Swedish word of the day: åsiktskorridor

This word is crucial if you want to get along with Swedes, whether in a professional or personal context.

Swedish word of the day: åsiktskorridor
The phenomenon is not limited to Sweden. Image: nito103/Depositphotos

Åsiktskorridor means 'opinion corridor' or 'corridor of opinions', from en åsikt (view/opinion) and en korridor (corridor).

It's used to talk about the range of different opinions that are socially acceptable to share or to hold on a subject.

Åsiktskorridor is a recently coined term, its first known use being in 2009. It was later defined by political science professor Henrik Oscarsson, who was describing the subjects that it's acceptable to put up for debate.

If a topic is outside the åsiktskorridor, it is viewed as too extreme or divisive to debate, and therefore rarely brought up in the public debate or even within conversation, especially among people who don't know each other well. Playing devil's advocate or starting a debate on these topics for fun rarely goes down well in Swedish circles.

On one hand, the åsiktskorridor could in theory help to keep extreme views such as racist or homophobic opinions outside the mainstream, and helps to avoid giving airtime to people who are arguing against something that has been proven as fact, such as climate change deniers or conspiracy theorists.

The problem that Oscarsson raised was that many people may still hold opinions outside the 'corridor', so if the åsiktskorridor is too narrow, people are losing out on the chance for constructive debate and free speech in favour of the Swedish preference for consensus.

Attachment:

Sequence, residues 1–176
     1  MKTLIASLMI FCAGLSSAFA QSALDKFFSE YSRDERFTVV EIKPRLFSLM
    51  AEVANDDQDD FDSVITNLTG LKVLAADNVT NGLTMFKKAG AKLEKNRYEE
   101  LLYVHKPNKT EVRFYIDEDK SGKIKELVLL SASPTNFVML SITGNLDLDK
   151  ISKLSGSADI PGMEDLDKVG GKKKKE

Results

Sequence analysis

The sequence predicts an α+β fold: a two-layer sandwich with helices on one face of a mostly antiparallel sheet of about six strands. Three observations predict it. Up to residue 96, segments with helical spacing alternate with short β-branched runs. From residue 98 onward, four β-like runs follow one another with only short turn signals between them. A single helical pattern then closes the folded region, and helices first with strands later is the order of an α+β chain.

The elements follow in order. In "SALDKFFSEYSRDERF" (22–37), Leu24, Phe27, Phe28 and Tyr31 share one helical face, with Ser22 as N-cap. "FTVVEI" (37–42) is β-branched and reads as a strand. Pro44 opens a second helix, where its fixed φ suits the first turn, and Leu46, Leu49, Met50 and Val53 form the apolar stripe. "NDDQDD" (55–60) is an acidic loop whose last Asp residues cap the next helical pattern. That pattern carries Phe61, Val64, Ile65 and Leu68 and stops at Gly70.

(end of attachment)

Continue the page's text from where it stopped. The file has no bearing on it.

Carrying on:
READ ALSO: How to have an argument without offending a Swede

One example the political scientist gave was abortion rights, since studies showed 14 percent of Swedes agreed with limiting the right to abortion. Since these rights have been a key part of Swedish feminism for several decades, this view is often seen as too extreme and outside the accepted range of views.

The phenomenon isn't limited to Sweden, and terms like 'political correctness' and 'echo chamber' in English show there's an understanding that people tend to surround themselves with people who hold similar views, and only share opinions which they believe are held by the majority in the group, in other cultures too.


Det är inte bra om åsiktskorridoren blir för smal

It's not good if the opinion corridor gets too narrow

Är åsiktskorridoren i Sverige en myt eller verklighet?

Is the opinion corridor in Sweden a myth or reality?

Do you have a favourite Swedish word you would like to nominate for our word of the day series? Get in touch by email or if you are a Member of The Local, log in to comment below.

Member comments

Log in here to leave a comment.
Become a Member to leave a comment.
For members


​​Swedish word of the day: skenhelig

When keeping up appearances is holy.

​​Swedish word of the day: skenhelig